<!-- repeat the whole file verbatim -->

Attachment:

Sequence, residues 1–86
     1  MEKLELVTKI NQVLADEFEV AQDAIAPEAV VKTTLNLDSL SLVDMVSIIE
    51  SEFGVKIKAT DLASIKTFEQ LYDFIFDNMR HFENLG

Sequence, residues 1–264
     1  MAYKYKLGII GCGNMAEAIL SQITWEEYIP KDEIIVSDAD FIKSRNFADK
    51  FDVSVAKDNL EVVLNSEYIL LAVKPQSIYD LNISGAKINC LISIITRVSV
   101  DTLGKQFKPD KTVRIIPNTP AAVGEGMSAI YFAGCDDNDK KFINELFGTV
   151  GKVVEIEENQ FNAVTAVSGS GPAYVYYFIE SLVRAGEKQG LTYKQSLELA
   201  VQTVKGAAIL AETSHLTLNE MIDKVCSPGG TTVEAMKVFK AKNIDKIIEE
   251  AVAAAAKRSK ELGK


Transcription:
Sequence, residues 1–86
     1  MEKLELVTKI NQVLADEFEV AQDAIAPEAV VKTTLNLDSL SLVDMVSIIE
    51  SEFGVKIKAT DLASIKTFEQ LYDFIFDNMR HFENLG

Sequence, residues 1–264
     1  MAYKYKLGII GCGNMAEAIL SQITWEEYIP KDEIIVSDAD FIKSRNFADK
    51  FDVSVAKDNL EVVLNSEYIL LAVKPQSIYD LNISGAKINC LISIITRVSV
   101  DTLGKQFKPD KTVRIIPNTP AAVGEGMSAI YFAGCDDNDK KFINELFGTV
   151  GKVVEIEENQ FNAVTAVSGS GPAYVYYFIE SLVRAGEKQG LTYKQSLELA
   201  VQTVKGAAIL AETSHLTLNE MIDKVCSPGG TTVEAMKVFK AKNIDKIIEE
   251  AVAAAAKRSK ELGK